The Auditor General’s report on the cashless debit card trial released this week supports QCOSS’ (Queensland Council of Social Service) findings that ‘evidence is lacking’ to support any expansion of the card to the Hinkler electorate of Hervey Bay and Bundaberg in Queensland.
QCOSS has held this position since the suggestions were made to extend the trial to Queensland, strongly advising against the expansion of the trial not only because of the lack of evidence, but also because addressing complex health and social issues, like substance use problems, through the welfare system is fundamentally flawed.
“We are very pleased to see the Auditor General’s report supports what we have been saying for some months,” said QCOSS CEO, Mr Mark Henley.
“The test will now be to see if sanity prevails and the Turnbull Government steps away from this legislation.”
“We urge the current Senate inquiry into the legislation to go to Bundaberg and Hervey Bay to talk to people who will be impacted by the card. This is the only way the inquiry can genuinely assess local community sentiment.”
In February, the Senate failed to pass legislation that would have included Bundaberg and Hervey Bay in the trial. It seems that, just as they did with the Drug-testing Trials, the government is intent on moving forward with these trials despite the lack of evidence of their success, and the fact that the new legislation contains no substantial changes to the trial.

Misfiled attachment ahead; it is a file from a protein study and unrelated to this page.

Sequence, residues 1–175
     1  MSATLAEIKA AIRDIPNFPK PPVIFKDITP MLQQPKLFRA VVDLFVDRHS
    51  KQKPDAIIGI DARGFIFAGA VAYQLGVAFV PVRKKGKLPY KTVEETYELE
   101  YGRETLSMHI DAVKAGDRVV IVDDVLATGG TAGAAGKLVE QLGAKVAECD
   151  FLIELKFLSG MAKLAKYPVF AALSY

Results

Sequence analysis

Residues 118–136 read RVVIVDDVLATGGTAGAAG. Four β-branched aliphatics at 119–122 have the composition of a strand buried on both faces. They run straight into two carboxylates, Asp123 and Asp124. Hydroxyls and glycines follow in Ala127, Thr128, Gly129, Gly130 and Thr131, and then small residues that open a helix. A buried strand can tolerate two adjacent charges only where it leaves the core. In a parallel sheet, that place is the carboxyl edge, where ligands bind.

The Auditor General’s damning report agrees, finding major flaws in the monitoring and evaluation of the cashless debit card trials. The wider roll-out of the card has been informed by these trials.
Specifically, the report supports conclusions QCOSS made in our analysis of the Cashless Debit Card Trial Evaluation last year. This includes the lack of evidence of success, the evaluation methodology being questionable and the two new sites representing a markedly different environment. The report also recommended a clear articulation of costs and benefits of the trials before any further expansion.
QCOSS will be making a submission to the inquiry opposing the expansion of the cashless debit card trial and calling for a public hearing to be held in Bundaberg and Hervey Bay.
More than 80 per cent of the 170 submissions made by individuals and organisations to the previous inquiry opposed the cashless debit card trial. QCOSS strongly encourages submissions to this new Senate inquiry, which closes this Friday, 20 July 2018.
To lodge a submission, the committee website is here: https://www.aph.gov.au/Parliamentary_Business/Committees/Senate/Community_Affairs/CDCTrialExpansion People can email a submission to the committee at [email protected] or lodge online, (note that you will need a ‘My Parliament’ login if lodging online). We have also developed some templates you may wish to customise and use: https://www.qcoss.org.au/cashless-debit-card
The cashless debit card further stigmatises welfare recipients in areas where there are limited economic options.
The government needs to explore alternative options to identify the most effective response to these social issues, including talking with the people it will impact the most. This would help communities, rather than further stigmatising those accessing income support with these paternalistic trials that reduce people’s agency and independence.
For nearly 60 years QCOSS has been a leading force for social change to eliminate poverty and disadvantage.